A few weeks ago, I linked to an article on the problems with concussions in American football, pointing out that it wasn’t just the acute concussions you had to worry about, but the gradual damage from head blows that added up silently over the years. My advice was, if you are a parent, to carefully consider whether you should allow your children to play football, at least until the various leagues figured out a way to ameliorate the danger.
Science News has an article up looking at a possible solution: magnets in the helmets.
Adding magnets to football helmets could reduce the risk of concussions, new research suggests. When two players collide, the magnets in their helmets would repel each other, reducing the force of the collision.
“All helmet design companies and manufacturers have the same approach, which is to try to disperse the impact energy after the impact’s already occurred,” neuroscientist Raymond Colello said November 15 at the annual meeting of the Society for Neuroscience.
The magnets, he says, would put a brake on the impact before it happens.
The idea hasn’t been tested yet in helmets with real players, said Judy Cameron, a neuroscientist at the University of Pittsburgh. “But a lot of thought has gone into it, and the data that was shown about the ability of the magnets to actually repel each other looked extremely promising.”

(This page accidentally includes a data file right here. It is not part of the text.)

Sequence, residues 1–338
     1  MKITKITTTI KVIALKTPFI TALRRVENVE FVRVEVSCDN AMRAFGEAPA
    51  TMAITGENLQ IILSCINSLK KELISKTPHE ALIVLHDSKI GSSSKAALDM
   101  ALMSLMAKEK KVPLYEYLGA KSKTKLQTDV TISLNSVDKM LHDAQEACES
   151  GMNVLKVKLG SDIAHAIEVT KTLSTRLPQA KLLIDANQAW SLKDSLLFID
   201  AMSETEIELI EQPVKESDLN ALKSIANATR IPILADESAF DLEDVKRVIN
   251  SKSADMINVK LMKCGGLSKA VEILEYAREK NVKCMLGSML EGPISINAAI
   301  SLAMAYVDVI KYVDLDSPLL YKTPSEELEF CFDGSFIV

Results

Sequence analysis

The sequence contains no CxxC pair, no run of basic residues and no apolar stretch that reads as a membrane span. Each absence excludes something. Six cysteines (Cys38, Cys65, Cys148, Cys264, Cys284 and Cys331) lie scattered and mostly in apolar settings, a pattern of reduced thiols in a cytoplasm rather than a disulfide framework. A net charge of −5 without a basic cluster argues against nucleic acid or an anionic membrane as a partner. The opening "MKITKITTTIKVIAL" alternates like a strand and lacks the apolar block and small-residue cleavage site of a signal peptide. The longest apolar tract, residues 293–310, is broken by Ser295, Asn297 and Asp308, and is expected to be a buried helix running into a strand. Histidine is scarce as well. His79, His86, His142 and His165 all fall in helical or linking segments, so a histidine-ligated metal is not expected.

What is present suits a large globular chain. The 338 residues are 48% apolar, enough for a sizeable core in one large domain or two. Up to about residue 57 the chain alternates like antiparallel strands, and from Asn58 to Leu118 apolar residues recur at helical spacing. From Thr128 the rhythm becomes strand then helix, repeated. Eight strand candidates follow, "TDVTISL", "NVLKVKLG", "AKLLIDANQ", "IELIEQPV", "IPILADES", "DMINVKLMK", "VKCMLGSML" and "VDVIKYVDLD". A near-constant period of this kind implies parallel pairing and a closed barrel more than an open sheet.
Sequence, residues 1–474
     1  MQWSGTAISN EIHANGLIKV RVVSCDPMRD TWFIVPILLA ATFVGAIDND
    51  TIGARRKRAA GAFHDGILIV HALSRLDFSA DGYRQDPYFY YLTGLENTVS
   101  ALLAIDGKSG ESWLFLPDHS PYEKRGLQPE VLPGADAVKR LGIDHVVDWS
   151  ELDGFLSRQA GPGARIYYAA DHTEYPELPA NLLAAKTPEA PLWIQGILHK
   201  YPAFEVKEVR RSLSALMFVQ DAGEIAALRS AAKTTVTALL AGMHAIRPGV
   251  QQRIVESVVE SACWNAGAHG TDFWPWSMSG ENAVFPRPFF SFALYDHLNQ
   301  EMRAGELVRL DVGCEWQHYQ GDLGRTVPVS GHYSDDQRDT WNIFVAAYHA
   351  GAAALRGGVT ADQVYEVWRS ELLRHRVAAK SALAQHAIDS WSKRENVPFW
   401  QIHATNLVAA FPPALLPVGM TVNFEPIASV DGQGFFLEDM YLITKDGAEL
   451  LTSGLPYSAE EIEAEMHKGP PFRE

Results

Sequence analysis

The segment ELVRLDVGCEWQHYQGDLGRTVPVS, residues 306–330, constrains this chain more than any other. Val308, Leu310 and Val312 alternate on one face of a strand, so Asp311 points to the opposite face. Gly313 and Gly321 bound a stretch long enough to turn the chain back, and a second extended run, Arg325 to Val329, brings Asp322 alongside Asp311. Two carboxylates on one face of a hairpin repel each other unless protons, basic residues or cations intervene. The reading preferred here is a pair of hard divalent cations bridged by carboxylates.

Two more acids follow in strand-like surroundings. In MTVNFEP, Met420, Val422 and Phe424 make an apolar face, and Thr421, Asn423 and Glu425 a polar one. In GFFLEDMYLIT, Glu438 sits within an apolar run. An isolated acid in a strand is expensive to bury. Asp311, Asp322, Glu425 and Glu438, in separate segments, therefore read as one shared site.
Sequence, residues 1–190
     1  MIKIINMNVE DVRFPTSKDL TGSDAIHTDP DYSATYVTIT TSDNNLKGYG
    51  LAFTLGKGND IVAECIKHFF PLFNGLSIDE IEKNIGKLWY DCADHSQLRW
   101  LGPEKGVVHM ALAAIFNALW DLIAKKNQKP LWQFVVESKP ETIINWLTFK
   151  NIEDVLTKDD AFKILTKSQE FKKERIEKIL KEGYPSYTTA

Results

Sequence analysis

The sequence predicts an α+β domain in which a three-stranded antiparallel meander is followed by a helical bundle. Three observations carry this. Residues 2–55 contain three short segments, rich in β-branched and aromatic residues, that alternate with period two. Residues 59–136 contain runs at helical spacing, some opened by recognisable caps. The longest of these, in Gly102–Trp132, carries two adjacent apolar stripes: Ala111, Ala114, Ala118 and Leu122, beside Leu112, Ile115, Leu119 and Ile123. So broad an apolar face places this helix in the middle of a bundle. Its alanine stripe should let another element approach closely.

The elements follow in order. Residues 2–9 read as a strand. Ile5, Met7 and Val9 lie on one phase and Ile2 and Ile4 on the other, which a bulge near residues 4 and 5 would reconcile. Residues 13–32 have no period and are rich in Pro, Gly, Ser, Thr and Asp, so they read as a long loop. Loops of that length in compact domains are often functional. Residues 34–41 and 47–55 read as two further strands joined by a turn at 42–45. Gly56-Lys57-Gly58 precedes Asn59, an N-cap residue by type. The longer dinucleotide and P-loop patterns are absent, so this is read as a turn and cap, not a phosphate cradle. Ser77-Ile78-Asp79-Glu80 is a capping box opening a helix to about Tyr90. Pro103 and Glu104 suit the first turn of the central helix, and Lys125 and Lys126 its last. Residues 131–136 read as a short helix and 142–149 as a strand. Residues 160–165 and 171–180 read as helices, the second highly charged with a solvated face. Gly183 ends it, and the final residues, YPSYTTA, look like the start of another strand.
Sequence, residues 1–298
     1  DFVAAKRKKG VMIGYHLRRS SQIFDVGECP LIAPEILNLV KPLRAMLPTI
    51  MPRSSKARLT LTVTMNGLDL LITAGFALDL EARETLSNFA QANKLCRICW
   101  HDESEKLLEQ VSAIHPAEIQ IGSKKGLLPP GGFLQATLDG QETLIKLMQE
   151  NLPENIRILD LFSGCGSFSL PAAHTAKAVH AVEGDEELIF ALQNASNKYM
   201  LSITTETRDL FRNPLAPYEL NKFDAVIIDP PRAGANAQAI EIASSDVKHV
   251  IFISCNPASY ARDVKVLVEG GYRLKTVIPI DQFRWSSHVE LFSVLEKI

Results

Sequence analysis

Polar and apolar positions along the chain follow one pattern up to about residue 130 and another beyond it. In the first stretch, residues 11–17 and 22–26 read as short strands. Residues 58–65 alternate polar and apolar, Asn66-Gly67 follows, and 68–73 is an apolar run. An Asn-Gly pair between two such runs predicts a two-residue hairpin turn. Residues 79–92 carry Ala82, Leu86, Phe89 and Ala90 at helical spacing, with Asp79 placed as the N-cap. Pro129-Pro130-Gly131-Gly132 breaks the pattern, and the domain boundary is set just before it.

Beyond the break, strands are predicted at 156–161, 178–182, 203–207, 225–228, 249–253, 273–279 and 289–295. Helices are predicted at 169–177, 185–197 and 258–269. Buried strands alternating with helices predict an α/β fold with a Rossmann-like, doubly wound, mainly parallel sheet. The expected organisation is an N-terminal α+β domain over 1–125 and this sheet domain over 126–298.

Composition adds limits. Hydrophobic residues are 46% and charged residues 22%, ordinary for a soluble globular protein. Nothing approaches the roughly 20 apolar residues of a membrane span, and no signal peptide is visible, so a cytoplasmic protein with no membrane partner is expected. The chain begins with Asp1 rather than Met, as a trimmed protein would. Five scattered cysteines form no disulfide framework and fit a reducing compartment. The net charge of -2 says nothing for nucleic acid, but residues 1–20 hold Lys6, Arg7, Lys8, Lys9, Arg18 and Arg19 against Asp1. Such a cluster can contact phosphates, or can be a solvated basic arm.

My initial thought when reading this was, what effect would the magnets have on player’s heads? Turns out, it’s not expected to be an issue:
Though the magnets do attract metallic objects, the National Football League prohibits athletes from wearing jewelry during games. Another safety concern is whether the magnets are dangerous to have near human heads. Colello says that a 30 minute- to one-hour MRI procedure produces magnetic fields 10 to 30 times as strong as those in helmet magnets.
Although I could see there being concerns about long term exposure to the magnets. The question is whether any long term effects would be any worse than, or even amount to, the long term effects of routine head blows. It may be a simple matter of having to make a trade-off.
Of course, it still has to be tested. And I’d still carefully consider whether I wanted my kids playing in this game.